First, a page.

Shaw might think digital is a “red herring”, but there is no denying that it makes sense for any PR agency to have digital expertise. As Guy Walsingham, managing director of PR agency Red Lorry Yellow Lorry, says: “Traditional or not, I’d be surprised if all PR agencies haven’t em`braced digital to some degree. With the digital revolution, the good traditional agencies moved either to open separate social media arms or to add digital expertise in-house. In the B2B technology sector (where we operate) digital expertise should be seeded throughout an agency. Strategy, messaging and content is the key to success for our clients and digital engagement needs the in-depth knowledge in the account team to succeed. The traditional agencies that do this will continue to do well, the ones that don’t will go the way of the dinosaurs.”
Lisa Morton MD of a “traditional” PR agency, Roland Dransfield, also agrees about the importance of digital, and adds that you don’t have to be a digital start-up to be innovative and truly integrated. Lisa says: “Given the integration of traditional PR and digital is the crux of our current business proposition, I'd say you can definitely teach an old dog new tricks. We've pipped several digital-only agencies to the post on pitches by speaking the same language as the client and framing sometimes intimidating online methodologies in terms they can understand.”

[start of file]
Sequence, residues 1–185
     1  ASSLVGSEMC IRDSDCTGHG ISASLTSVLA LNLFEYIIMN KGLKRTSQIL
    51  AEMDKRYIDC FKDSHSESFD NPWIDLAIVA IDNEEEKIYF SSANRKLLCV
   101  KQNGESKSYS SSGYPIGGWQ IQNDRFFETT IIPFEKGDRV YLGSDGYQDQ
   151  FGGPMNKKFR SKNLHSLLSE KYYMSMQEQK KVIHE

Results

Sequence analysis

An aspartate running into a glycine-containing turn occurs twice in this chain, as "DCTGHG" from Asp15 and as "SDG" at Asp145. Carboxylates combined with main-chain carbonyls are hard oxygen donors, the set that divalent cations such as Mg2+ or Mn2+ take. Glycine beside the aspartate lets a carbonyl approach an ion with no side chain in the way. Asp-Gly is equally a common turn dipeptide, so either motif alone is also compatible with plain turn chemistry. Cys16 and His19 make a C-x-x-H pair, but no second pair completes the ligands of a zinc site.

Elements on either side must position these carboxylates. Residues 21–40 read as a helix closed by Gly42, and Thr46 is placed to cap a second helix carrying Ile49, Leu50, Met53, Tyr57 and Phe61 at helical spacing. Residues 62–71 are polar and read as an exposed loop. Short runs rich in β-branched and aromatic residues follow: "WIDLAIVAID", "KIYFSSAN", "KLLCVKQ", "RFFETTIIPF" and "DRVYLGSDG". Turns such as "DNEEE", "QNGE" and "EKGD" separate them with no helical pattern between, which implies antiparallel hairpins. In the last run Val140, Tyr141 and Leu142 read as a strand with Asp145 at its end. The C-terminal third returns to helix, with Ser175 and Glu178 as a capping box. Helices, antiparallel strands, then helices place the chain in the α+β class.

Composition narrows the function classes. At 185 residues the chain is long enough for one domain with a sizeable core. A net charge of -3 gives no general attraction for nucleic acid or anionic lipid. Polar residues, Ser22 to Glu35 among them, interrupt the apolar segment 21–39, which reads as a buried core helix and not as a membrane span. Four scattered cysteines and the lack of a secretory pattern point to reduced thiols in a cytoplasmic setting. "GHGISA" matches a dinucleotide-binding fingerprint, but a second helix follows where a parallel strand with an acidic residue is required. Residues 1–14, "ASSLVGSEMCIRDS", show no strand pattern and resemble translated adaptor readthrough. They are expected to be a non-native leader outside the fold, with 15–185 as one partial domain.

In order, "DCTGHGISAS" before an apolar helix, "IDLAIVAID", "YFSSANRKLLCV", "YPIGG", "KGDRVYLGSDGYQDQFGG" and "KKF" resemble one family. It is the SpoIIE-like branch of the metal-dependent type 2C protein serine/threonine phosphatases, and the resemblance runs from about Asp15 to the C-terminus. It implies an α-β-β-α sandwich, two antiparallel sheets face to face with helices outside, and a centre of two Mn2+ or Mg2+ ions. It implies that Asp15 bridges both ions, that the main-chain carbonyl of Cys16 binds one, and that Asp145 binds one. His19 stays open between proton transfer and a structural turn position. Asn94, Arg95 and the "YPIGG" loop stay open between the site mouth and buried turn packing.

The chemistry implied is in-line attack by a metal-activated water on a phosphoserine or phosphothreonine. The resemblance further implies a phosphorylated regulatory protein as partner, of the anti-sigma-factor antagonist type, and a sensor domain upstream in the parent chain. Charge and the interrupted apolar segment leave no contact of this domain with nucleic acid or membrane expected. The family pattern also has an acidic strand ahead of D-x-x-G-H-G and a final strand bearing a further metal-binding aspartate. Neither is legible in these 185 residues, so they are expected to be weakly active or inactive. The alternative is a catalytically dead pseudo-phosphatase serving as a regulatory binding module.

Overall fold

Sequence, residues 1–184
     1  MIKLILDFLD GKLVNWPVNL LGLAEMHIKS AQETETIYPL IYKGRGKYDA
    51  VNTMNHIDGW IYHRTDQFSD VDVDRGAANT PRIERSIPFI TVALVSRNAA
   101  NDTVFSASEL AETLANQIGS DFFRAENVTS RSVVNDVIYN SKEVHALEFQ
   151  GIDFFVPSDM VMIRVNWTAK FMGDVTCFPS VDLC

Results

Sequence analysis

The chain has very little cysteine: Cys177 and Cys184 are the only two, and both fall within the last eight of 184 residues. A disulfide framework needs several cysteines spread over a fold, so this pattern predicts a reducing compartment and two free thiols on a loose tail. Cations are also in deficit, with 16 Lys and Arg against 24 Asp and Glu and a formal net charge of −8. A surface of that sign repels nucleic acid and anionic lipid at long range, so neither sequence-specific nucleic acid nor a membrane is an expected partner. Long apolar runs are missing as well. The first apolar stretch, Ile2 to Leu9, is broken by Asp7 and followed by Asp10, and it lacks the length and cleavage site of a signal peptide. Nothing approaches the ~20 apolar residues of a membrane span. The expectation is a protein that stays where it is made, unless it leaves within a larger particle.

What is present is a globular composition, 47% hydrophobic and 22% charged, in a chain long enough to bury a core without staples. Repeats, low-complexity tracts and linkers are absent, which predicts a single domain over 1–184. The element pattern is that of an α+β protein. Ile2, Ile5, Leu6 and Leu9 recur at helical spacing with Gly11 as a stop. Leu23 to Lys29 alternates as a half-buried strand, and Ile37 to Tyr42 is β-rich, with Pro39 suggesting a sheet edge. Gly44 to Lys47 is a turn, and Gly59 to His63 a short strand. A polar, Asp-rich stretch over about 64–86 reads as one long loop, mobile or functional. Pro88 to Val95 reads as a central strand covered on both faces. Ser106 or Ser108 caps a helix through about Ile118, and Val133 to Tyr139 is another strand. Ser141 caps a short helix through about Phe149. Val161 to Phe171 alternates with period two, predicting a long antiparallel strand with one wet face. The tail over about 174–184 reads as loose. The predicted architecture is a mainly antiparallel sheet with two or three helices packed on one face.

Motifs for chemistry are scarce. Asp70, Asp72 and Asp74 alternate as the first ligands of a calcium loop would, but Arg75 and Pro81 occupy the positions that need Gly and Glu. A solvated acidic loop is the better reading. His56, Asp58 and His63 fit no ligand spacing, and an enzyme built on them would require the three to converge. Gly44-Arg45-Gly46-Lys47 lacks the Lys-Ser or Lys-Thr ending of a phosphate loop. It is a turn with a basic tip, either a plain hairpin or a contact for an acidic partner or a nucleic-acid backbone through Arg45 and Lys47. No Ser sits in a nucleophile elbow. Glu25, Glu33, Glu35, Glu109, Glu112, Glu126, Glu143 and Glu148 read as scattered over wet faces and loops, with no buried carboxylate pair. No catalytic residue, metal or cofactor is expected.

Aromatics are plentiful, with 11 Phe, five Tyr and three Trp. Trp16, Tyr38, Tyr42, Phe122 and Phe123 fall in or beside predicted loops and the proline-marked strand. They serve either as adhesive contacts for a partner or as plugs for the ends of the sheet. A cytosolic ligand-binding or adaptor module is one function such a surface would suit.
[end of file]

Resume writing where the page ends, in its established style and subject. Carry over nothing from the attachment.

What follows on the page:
"The key is bringing in the right people with the right skills, but also ensuring they fit the existing culture of your organisation. Similarly, we've focused on up-skilling our PR consultants on digital techniques and educating them about the workings of the online services we offer.”